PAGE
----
SOUTH CAROLINA: Whatever storyline you might have constructed ahead of time for the Gamecocks' spring, it was always going to overshadowed by the continuing Stephen Garcia circus. Until Carolina receives a definitive word one way or the other on Garcia's return (though as we wrote earlier today, that return seems likely), the team is going to be in something close to suspended football animation.  The lack of developments aside from Garcia was only enhanced by the fact that so many of Carolina's key players -- Marcus Lattimore, Alshon Jeffery, Stephon Gilmore, an offensive line with four returning starters -- are known commodities.

That said, the Garnet-Black Game showed that if Garcia doesn't come back, the Gamecocks won't be totally lost at quarterback. Connor Shaw and Dylan Thompson combined to go a productive 23-of-40 for 344 yards (though Thompson threw a pair of picks), and on an offense with weapons like Lattimore, Jeffery, and tailback Kenny Miles (43 yards on just 6 carries in the spring game), "productive" should be enough.

The downside: those passing numbers came against a Gamecock secondary that got routinely torched in 2010 (FBS 97th in pass defense). Garcia or no Garcia, more improvement in that secondary will be necessary to take Carolina back to Atlanta.

TENNESSEE: Entering spring, the road to improvement for the Volunteers was clear: get stronger, more physical, better along each line of scrimmage, then let the Vols' cadre of up-and-coming skill position stars -- led by sophomore quarterback Tyler Bray -- do the rest.

The Vols made plenty of headway on the first part of that equation; the White team earned a dominant victory over the more starter-heavy Orange in the Vol spring game thanks in no small part to a bruising run game led by second-string tailback Raijon Neal; defensive linemen on both squads were able to get consistent quarterback pressure; and offensive lineman Alex Bullard and defensive tackle Daniel Hood won the team's top awards for spring performance. Both lines remain so young that there's still a long way to go to SEC dominance, but it seems unlikely they'll be pushed around the way they were at times in 2010, either.

But as for the other part of the equation, stay tuned. Bray went a miserable 5-for-30 quarterbacking the defeated Orange side, with Derek Dooley suggesting afterwards that perhaps Bray had been overconfident. Bray is expected to take a major step forward in his first full season as the Vols' starter, but if that step winds up as minor as the spring game proposes it might be, all the line improvement in the world won't push the Vols back into relevance in the SEC East.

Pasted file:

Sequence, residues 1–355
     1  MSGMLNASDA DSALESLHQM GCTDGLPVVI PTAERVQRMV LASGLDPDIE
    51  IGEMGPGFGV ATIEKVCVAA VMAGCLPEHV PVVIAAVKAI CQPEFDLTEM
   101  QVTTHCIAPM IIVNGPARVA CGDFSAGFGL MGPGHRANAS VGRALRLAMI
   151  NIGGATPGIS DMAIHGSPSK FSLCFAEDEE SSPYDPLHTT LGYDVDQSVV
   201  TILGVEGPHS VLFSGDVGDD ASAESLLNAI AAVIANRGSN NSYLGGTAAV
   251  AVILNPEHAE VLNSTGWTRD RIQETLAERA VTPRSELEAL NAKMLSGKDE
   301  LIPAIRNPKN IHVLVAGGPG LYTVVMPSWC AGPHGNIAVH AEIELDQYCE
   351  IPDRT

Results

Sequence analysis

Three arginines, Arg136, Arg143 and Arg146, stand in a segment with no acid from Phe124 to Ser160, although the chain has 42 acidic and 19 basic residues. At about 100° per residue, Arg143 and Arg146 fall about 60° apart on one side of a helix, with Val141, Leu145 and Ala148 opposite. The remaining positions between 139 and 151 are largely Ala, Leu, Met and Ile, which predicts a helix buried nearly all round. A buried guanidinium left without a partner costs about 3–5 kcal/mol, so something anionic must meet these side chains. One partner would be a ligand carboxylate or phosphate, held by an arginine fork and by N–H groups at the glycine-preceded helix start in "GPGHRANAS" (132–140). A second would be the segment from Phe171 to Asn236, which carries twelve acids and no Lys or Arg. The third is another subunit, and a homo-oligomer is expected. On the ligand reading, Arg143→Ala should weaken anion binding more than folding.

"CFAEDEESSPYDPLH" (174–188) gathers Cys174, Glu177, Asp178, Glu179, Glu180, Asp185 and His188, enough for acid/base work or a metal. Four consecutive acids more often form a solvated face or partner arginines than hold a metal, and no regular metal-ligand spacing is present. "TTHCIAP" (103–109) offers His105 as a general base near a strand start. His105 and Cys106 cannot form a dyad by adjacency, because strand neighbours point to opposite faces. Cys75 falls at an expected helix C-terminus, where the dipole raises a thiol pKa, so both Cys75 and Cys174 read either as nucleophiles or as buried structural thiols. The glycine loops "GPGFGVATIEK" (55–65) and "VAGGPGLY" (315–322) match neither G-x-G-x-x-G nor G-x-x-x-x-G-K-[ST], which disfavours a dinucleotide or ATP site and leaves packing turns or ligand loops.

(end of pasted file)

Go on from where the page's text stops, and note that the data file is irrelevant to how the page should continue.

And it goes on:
VANDERBILT: When you finished last season dead last in the conference in both total offense and total defense -- and you are Vanderbilt -- any kind of improvement in any area will be music to new coach James Franklin's ears. But fortunately for the 'Dores, they saw some green shoots in two positions that have been partocularly troublesome the past few seasons.

One is quarterback , where previously scattershot senior Larry Smith completed 16-of-26 for 233 yards and a touchdown, leading his Black side to a 19-7 win over the Gold. The other is the defensive line , where defensive tackle Colt Nichter recorded a pair of sacks and defensive end Kyle Woestmann collected a sack and an interception. But when you're Vandy, you'll take whatever you can get.

"The big thing," Franklin said, "is that we stayed healthy."

For the same review of the SEC West, click here.

Posted on: April 20, 2011 3:06 pm
 

SEC Post-Spring Conference Call Recap

Posted by Bryan Fischer

All twelve SEC head coaches jumped on board a conference call to talk about their Spring Practices. Here's a few notes on what each coach said.

Les Miles, LSU

On senior quarterback Jordan Jefferson:

"He gets it out of his hand so quickly now and goes through his reads much quicker," Miles said. "There's much less hesitation in his decision-making process. I also think going into your senior year, there's a want to have a great senior year, and the leadership position is something your quarterback must embrace.

Miles also said that new offensive coordinator Steve Kragthorpe has been a major help for all of the quarterbacks on the roster. Backups Zach Mettenberger and Jarrett Lee pushed Jefferson this spring and will continue to do so in the fall, which makes the team better.